The words amateur and professional are antonyms.
Most amateur Go players play the game for fun, as a hobby, though some of them may derive significant income from go related activities, such as teaching, writing, publishing, organising or managing.
In the world of go, there has normally been a quite clear distinction between amateur and pro tournaments. Things have changed a little, quite recently, with some professional tournaments allowing amateurs to qualify via preliminary stages.
The Japanese tradition was that insei do not play in amateur tournaments; certainly not as part of their training. Amongst insei who do not become professional you can find some of the strongest 'amateur' players; so in this case a top amateur might be a student pro, who fails to pass the professional qualification tournament, or who decided to pursue another career or education, instead of becoming an actual pro. It used to be unusual for future pros to come from amateur go circles (Kageyama and Nakayama being notable exceptions). The great Japanese pro Takagawa Kaku, holder of the Honinbo title for nine consecutive terms, and a top player in the 1950's and '60's said when he retired that he was looking forward to becoming an amateur. An interesting example of movement from professional to amateur.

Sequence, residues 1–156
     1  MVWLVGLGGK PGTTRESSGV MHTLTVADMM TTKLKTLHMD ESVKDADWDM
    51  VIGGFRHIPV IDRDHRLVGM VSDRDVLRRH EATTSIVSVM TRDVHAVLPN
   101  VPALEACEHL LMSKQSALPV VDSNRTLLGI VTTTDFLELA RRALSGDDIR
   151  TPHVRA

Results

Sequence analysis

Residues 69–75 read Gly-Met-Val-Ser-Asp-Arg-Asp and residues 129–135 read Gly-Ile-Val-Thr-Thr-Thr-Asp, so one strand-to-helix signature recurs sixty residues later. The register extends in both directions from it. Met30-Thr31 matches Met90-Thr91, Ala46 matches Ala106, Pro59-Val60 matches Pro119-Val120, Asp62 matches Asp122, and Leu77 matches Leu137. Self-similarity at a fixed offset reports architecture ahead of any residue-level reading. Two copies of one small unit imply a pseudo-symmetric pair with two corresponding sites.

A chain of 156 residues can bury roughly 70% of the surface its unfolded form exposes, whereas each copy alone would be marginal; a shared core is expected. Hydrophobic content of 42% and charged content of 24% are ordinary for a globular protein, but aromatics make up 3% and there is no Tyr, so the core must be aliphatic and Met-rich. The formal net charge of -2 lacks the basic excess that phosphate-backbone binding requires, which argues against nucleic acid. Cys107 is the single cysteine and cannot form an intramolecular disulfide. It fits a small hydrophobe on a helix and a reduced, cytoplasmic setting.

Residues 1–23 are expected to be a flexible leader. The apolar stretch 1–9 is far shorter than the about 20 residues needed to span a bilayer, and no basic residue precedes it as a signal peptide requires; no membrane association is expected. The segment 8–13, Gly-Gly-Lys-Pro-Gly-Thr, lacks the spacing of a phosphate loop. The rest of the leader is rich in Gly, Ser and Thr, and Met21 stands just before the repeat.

In China to be a professional a player must meet certain requirements for tournament play and teaching beyond just qualifying on the basis of strength. Consequently Chinese professionals may lose that status because they can or will no longer carry out the official duties.
On the other hand, in China, it used to be normal for the strongest amateurs to compete in the WAGC, before turning pro. In that way players such as Ma Xiaochun played as amateurs, on their way to becoming title holders. In China national tournaments for amateurs can give a chance to the winner to play as pro 1 dan, for some short period (as a candidate pro).
In South Korea promotion to pro is now regulated by a very tough league (with 80 players), only four becoming pro each year. The old system, described in First Kyu, changed many years ago; it gave a chance to 1 gup players to become pro. In South Korea there is now a genuinely Open tournament, in which any player in the world can (in principle) qualify.
The Fujitsu Cup, an international pro-am tournament, allowed a few top amateurs to qualify from around the world, getting games against pros. This has become more interesting, since upset victories are now not so rare.